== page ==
America Online president quits founder steps back in

Move comes as firm begins changes

June 26, 1996|By Timothy J. Mullaney | Timothy J. Mullaney,SUN STAFF Bloomberg Business News contributed to this article.

The president of America Online Inc. has quit after only four-plus months on the job and the founder of the Virginia-based online information provider has stepped back in to manage the fast-growing, oft-teetering company through critical pricing and software changes.

William Razzouk had joined America Online from Federal Express Corp. in late January. He and chief executive Steve Case agreed to part ways just days before Razzouk's family was to move to the Washington area from Tennessee, said Gary Arlen, a Bethesda telecommunications consultant who talked to Case yesterday.

"There was a cultural thing going on; AOL is a very strange and young culture," said Arlen. "Dockers and denim shirt is the AOL uniform. Razzouk was a little like Bob Dole -- give me a shirt and tie, and I'll be comfortable."

America Online said there were no major differences of business philosophy between Razzouk and his boss.

"We are gearing up for a series of major changes," Case told Bloomberg Business News. "It seemed better that I get involved."

Among the changes is the July 1 introduction of flatter-rate pricing -- a plan America Online has turned to in the face of stiff competition from direct Internet access providers, who offer direct connections to the World Wide Web without the proprietary content that distinguishes AOL.

America Online plans to change its basic subscription plan to a $19.95 a month service that pays for up to 20 hours of use per month, compared to $54.20 for 20 hours a month under the current base plan. The basic rate now is $9.95 a month, plus

$2.95 per hour after the first five hours.

The new plan highlights the dispute about America Online that has been raging on Wall Street for months, taking the company's stock from $20 last June to $71 in May and back down to $40 this week.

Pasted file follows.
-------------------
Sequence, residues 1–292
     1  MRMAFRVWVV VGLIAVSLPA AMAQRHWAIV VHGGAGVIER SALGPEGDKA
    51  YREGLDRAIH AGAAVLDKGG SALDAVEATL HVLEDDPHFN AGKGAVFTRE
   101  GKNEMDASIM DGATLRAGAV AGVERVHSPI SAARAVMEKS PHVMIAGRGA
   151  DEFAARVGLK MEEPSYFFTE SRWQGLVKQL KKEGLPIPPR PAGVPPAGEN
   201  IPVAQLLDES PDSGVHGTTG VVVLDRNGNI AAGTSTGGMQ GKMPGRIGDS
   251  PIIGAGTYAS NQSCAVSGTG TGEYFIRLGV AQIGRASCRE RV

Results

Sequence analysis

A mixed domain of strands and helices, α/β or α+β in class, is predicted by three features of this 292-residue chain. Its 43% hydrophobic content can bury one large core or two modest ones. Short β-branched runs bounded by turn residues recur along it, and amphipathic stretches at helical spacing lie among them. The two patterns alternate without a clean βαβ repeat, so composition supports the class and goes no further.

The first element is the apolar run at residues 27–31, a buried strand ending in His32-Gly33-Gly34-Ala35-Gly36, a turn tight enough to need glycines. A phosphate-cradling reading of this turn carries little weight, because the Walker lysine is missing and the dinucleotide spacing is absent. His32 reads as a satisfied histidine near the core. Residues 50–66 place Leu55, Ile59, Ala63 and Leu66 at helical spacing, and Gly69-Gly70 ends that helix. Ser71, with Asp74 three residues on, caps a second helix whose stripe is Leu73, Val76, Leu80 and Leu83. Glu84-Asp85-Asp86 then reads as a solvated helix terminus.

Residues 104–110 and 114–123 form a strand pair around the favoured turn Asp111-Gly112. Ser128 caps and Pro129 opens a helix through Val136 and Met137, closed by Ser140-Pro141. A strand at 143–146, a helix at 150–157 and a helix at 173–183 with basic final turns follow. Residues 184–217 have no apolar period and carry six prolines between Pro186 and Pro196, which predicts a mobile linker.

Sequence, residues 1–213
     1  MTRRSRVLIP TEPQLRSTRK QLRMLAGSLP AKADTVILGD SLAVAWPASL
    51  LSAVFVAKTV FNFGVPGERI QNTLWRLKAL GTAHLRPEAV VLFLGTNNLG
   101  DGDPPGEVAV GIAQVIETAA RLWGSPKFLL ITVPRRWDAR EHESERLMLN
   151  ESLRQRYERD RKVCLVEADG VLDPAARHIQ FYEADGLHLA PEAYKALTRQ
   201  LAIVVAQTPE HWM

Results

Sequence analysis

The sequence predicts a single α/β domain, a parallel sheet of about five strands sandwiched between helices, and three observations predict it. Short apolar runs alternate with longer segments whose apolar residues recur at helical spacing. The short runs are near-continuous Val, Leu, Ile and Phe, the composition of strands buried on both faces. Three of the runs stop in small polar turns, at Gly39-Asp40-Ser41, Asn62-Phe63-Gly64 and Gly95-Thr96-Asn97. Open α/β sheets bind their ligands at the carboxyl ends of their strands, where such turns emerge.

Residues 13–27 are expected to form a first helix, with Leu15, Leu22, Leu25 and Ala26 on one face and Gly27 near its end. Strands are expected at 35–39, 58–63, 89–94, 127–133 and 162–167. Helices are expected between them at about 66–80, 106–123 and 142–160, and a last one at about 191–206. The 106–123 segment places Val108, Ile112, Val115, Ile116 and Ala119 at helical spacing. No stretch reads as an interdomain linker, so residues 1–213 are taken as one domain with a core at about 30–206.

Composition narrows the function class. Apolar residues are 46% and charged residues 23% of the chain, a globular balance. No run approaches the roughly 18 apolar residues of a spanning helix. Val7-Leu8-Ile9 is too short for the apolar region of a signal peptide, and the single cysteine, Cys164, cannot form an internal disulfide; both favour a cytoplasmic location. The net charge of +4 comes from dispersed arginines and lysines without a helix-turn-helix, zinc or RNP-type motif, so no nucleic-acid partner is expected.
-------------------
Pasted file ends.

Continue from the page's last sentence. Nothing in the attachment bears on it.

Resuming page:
Critics have insisted that America Online can't maintain its growth rate; the company now has 6 million subscribers. And they have criticized America Online's accounting, claiming that the company inflates current profits by counting advertising and promotion costs as capital investments.

"Those, to me, are more important issues than this one fellow leaving," said Kevin Baker, manager of the John Hancock Special Opportunities Fund, a mutual fund controlled by Boston-based John Hancock Funds, which owned 1.6 million America Online shares as of March 31.

America Online "always had a very lofty [stock price] there, no doubt about that," said Baker, whose fund has been selling America Online shares. "When things are clicking along, people will overlook that. With Netscape breathing down your neck, everything has to be dead on for the stock price to go up."

But one measure of the intensity of the debate over America Online is that, while Baker is selling America Online shares, another Hancock fund is sticking with its position.

"I'm pretty comfortable with the stock down here," Hancock Internet analyst Rob Hallisey said. "Management has purposely taken its foot off the accelerator" so it can manage the change in pricing and a coming upgrade in AOL's access software, he said. The company also said it is exploring ways to get revenue from advertising on AOL, to compensate for an expected slowdown in the growth of new subscriptions.

Pub Date: 6/26/96

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